When they reached the chess game that had been going on in the street since early in the evening, they insisted that she keep moving. She protested that she was not willing to walk on them.
There was a momentary pause in the action, and suddenly, the police line surged forward and she went down as she fell — or was shoved — into the chess game. She was hit on the head by a police baton and her hands were roughly yanked behind her as an officer clamped handcuffs on her wrists. She tried to tell them that she had an old shoulder injury but no one heard or no one cared.
They dragged her across the pavement — she has the bruises and scrapes to prove it — yanked her onto her feet and put her in an ambulance after Jumoke Hinton Hodge, the West Oakland School Board Director also under arrest, yelled, “Your head; you’re bleeding.”
She called me repeatedly from the hospital, saying she did not know whether she was under arrest. However, since her shoulder was causing her pain and her head had begun to hurt, she told me that she wished to be seen by a doctor. I offered to pick her up when she was through, but, once again, she did not know if she was under arrest. However, no one had been monitoring her as she sat in the ER waiting room so we assumed that she was free to go.
At some point she got concerned about her growing headache and got up to inquire at the desk about seeing the doctor. An officer (county sheriff) was there a heartbeat later and grabbed her wrist, twisting it as he shoved her into a seat. She asked him to stop hurting her and said, “I’m doing what you’re asking.” Other patients objected as they could see she was a gray-haired lady, but at that point police handcuffed her to the chair and left her there.
Susan told me that there were two other patients in the hospital with her from the demonstration. One was a young white man, who had been taking pictures, and a young black man. The black man had an open wound on his forehead but she never saw him get any treatment. He was also handcuffed to a chair and repeatedly asked for water but the officers only taunted him, Susan told me.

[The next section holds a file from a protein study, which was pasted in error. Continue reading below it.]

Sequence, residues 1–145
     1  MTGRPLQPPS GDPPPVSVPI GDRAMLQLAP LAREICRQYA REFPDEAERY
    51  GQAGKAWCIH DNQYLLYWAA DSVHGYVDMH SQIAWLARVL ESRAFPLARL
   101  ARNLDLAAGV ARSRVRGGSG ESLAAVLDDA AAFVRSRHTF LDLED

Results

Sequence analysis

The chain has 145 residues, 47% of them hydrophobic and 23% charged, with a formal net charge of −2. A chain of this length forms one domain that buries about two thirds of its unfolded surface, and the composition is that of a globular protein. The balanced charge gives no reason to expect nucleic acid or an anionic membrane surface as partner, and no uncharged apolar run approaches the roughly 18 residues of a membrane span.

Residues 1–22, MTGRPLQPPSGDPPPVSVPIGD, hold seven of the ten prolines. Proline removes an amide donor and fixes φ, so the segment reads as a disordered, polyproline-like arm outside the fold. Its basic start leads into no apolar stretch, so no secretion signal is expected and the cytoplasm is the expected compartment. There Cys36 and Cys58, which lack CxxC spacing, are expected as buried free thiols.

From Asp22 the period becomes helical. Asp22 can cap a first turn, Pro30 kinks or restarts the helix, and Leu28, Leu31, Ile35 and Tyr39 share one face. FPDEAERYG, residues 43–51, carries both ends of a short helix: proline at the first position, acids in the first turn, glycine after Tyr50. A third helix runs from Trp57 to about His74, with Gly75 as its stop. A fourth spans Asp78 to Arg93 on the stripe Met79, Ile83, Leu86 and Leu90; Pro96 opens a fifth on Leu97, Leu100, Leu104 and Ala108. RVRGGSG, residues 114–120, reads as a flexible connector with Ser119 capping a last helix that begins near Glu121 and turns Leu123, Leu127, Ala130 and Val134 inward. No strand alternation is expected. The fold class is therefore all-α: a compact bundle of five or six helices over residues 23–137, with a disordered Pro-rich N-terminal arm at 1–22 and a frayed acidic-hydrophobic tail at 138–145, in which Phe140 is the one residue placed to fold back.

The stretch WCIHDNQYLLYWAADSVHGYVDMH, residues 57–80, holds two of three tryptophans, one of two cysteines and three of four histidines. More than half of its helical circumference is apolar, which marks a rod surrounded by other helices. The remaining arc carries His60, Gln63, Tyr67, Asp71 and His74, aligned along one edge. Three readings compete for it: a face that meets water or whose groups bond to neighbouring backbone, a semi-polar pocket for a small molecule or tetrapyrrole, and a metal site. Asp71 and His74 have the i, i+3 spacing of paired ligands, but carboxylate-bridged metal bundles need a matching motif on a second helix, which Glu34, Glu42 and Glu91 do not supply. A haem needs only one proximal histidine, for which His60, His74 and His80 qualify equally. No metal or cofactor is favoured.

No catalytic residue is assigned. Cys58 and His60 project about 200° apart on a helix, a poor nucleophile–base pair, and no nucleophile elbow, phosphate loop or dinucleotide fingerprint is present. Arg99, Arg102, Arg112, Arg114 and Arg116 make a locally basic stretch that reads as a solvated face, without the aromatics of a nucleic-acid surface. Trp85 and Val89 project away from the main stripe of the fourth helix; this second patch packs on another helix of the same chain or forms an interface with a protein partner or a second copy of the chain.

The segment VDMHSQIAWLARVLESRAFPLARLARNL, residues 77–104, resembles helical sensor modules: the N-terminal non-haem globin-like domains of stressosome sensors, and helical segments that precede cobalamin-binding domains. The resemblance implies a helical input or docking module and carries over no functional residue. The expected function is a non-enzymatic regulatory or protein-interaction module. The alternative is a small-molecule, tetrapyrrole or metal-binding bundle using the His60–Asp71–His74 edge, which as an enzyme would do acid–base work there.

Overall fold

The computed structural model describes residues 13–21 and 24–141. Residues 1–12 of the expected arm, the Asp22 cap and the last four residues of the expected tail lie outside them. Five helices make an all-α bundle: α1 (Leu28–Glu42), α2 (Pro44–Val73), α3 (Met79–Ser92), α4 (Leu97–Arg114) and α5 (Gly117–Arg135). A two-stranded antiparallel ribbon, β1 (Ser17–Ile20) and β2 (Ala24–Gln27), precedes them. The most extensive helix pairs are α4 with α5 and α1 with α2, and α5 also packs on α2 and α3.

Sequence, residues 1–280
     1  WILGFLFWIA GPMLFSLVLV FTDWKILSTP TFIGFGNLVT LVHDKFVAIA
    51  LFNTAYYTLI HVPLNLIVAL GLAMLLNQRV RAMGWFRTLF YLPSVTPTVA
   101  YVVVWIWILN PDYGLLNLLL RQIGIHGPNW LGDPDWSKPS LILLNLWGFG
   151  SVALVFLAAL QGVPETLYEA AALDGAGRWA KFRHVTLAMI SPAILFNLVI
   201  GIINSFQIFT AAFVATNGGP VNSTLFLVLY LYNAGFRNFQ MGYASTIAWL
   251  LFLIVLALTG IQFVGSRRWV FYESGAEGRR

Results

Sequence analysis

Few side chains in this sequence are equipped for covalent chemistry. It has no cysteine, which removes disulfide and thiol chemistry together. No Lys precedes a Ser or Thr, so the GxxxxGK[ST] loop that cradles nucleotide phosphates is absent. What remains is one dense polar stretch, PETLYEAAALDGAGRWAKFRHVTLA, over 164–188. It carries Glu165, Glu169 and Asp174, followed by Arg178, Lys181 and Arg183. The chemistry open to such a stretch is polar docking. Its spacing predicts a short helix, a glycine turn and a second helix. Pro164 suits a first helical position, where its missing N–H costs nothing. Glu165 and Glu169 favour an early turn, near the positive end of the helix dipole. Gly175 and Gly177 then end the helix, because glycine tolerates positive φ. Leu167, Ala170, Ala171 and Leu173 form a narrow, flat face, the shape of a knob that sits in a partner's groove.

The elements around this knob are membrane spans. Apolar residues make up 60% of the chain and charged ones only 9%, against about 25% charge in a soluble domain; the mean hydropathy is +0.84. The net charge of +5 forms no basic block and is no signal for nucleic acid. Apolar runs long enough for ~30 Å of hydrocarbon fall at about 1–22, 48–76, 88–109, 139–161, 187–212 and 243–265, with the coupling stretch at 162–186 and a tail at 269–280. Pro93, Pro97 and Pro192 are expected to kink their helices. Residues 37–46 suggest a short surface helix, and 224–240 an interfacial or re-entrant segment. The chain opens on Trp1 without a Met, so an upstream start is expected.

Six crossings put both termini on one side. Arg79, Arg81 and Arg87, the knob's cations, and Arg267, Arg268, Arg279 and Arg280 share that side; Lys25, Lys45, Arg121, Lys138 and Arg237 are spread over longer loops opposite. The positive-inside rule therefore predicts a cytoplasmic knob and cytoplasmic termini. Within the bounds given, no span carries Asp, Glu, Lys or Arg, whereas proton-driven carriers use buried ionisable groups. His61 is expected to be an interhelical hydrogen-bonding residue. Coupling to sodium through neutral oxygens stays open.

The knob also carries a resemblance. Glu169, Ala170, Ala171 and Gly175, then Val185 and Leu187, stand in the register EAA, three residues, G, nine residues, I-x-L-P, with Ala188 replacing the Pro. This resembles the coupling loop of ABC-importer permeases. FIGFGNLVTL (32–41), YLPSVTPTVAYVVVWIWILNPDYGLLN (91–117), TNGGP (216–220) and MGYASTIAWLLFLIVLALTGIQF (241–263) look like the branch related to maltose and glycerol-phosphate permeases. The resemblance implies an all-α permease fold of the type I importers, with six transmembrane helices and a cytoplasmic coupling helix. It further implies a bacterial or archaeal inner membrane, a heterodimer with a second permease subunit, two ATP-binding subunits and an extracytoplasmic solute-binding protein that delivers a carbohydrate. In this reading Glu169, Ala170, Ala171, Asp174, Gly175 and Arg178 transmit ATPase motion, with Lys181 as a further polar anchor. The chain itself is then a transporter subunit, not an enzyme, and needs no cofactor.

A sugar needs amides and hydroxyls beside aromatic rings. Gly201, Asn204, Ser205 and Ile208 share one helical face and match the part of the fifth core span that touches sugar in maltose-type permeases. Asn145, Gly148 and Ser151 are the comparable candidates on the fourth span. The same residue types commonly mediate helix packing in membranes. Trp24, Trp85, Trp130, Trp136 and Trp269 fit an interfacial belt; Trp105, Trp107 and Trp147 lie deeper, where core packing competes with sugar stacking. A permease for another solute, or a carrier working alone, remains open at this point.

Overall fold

I had gone to wait at Highland as I was hoping that she would be released; but on the way, I got a call from Susan’s cell which turned out to be from a deputy from the Sheriff’s Office who told me not to come, that she was in custody, and I could not see her. I told him about some of her medical conditions and that I hoped she would be able to remain the hospital, but he hung up.
As a result of a call from Dr. Floyd Huen, the doctors at Highland were made aware of her medical status and provide care; but later at the city jail, she asked for her nightly insulin shot and was refused, she told me. They left her in a small holding tank for hours with twelve others, among then Hinton Hodge. Later they moved them to a larger cell that contained twenty prisoners and no beds.
Still sitting up in the crowded cell, she was released at 10 a.m. this morning, her blood sugar level dangerously high. At this writing, activists, lawyers, and council members are still trying to get Hinton Hodge released.
My question remains: Who was in charge last night? The city policy makers — the council — clearly was not. Was Mayor Dellums the commander-in-chief? If so, did he order the police to advance on the crowd? Was it necessary to force a confrontation? Were the troublemakers out-of-towners, crazed anarchists, angry youth, criminals out to grab some goodies, or did it really have to happen this way, really, folks?
I don’t know the answers to those questions but we must ask all of them. We can’t stop everyone from dangerous or irresponsible behavior but such behavior should not be perpetrated by those who are empowered to serve and protect.
Pamela Drake is a former Oakland teacher and longtime Oakland activist.